Aerial images of marsh plant communities reveal information that is not possible to obtain from ground level. High resolution aerial photographs display fine details of vegetation composition and distribution. Since 2006, The Meadowlands Environmental Research Institute has employed balloon photography to capture images of marsh and landfill surfaces. These images are a key resource for MERI scientists working to improve the Hackensack River marshland ecosystem.
High resolution images are captured using consumer grade cameras at altitudes between 150 to 300 feet. The current camera being flown is a 14.3 megapixel Canon G1X. The state of the art camera rig attaches the camera to an inflated 3 meter balloon. The balloon is tethered to a reel operated from the ground. This setup is cost efficient, easily deployable, and is highly mobile.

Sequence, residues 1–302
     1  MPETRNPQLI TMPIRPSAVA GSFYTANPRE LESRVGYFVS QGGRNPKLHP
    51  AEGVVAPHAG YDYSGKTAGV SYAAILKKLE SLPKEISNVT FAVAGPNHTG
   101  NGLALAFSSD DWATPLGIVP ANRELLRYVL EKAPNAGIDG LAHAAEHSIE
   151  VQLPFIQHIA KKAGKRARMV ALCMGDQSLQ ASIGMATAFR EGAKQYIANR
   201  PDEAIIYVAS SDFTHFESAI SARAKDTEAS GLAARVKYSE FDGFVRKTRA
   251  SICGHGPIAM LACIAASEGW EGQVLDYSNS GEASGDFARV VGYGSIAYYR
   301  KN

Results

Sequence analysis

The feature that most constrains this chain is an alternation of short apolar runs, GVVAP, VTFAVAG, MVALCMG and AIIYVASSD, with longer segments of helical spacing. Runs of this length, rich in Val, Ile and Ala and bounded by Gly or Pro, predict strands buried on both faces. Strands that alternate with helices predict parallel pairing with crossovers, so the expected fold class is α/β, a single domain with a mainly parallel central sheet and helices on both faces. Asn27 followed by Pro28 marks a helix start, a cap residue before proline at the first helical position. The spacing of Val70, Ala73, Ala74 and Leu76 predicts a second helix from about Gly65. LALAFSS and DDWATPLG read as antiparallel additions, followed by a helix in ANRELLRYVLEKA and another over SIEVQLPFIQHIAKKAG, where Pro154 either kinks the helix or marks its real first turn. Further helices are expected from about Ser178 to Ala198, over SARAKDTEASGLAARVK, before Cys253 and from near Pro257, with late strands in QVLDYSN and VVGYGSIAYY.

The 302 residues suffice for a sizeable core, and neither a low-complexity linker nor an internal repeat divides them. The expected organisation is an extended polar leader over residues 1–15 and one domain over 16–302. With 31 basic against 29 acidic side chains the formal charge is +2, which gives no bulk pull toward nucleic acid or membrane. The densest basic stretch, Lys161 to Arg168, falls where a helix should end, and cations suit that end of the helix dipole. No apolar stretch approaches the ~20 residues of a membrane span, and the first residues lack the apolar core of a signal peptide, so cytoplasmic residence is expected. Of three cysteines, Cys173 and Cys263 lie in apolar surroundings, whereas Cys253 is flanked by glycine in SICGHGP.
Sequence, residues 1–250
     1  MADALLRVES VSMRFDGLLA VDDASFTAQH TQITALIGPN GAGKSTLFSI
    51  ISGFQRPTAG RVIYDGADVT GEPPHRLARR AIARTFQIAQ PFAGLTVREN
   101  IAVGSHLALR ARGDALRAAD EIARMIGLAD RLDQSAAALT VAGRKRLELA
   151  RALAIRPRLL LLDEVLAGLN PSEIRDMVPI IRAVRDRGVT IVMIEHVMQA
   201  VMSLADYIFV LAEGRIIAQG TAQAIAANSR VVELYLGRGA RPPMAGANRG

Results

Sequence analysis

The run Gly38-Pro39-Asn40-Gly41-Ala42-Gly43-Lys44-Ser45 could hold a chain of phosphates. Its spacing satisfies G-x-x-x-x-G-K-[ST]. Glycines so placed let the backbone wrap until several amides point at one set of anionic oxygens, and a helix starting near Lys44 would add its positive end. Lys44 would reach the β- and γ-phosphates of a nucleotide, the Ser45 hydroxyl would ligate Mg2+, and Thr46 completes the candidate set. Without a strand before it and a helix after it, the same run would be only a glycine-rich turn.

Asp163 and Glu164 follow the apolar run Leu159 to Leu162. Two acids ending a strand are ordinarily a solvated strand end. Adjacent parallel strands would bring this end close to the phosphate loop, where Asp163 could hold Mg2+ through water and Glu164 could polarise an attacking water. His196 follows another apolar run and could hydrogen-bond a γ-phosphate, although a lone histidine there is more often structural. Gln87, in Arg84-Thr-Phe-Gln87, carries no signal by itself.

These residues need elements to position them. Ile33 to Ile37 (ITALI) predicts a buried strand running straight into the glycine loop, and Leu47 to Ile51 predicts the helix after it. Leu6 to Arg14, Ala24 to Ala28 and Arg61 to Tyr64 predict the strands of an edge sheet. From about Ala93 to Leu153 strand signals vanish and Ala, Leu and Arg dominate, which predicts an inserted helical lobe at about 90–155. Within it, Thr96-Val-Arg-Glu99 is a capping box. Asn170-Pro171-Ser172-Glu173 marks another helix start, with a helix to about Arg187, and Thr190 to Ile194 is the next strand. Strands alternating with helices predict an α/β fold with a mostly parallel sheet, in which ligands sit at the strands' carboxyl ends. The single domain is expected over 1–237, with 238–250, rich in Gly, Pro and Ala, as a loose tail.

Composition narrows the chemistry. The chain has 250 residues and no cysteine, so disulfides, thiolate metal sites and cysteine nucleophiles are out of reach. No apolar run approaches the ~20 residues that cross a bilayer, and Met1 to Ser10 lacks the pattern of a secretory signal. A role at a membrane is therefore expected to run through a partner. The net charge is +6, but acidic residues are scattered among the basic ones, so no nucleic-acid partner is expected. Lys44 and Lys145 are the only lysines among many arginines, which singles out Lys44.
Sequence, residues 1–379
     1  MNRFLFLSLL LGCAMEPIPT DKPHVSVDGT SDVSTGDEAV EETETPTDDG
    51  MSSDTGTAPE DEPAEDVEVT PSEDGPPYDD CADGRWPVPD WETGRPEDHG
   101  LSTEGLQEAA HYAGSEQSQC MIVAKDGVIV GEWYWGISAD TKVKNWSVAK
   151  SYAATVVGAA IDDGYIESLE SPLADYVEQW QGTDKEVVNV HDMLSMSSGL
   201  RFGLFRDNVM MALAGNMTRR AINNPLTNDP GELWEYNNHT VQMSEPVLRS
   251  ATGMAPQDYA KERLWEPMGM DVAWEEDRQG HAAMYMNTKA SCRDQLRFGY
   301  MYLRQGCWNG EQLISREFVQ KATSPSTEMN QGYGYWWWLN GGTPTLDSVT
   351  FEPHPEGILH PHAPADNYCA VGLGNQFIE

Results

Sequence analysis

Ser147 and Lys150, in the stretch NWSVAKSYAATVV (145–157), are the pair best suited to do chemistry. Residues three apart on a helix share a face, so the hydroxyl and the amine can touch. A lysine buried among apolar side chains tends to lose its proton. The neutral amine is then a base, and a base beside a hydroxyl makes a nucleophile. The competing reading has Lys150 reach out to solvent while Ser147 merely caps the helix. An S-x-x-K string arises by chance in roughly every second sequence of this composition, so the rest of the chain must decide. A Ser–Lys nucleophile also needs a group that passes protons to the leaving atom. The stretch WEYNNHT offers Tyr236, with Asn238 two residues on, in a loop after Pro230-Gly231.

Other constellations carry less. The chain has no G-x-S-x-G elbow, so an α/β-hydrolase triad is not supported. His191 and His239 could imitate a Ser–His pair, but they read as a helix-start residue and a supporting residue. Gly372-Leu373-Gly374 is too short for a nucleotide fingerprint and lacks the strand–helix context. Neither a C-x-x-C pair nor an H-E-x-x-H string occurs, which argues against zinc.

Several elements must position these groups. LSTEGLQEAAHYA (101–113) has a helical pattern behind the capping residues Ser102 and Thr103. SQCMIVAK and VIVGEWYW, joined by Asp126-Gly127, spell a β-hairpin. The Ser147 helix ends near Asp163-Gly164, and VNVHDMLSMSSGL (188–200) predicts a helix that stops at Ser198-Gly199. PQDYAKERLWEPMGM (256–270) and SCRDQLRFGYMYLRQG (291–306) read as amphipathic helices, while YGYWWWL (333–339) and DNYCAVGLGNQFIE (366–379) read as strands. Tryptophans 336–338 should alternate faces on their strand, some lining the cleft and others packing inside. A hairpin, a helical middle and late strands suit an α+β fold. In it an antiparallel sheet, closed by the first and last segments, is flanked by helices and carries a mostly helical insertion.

The high resolution images are assembled into a mosaic of the surveyed area which can encompass many acres. Individual images are stitched together using Adobe Photoshop. The mosaic is then geo-referenced using known geographic feature locations within the site. These mosaics are used to ground truth high-resolution hyperspectral image classifications. They are also used to identify training sites from satellite images and to develop spectral libraries for vegetation classification. Current applications of balloon photography include:
- Monitoring of plant establishment in closed landfill sites
- Mapping invasive species distribution
- Mapping endangered plant populations thought the district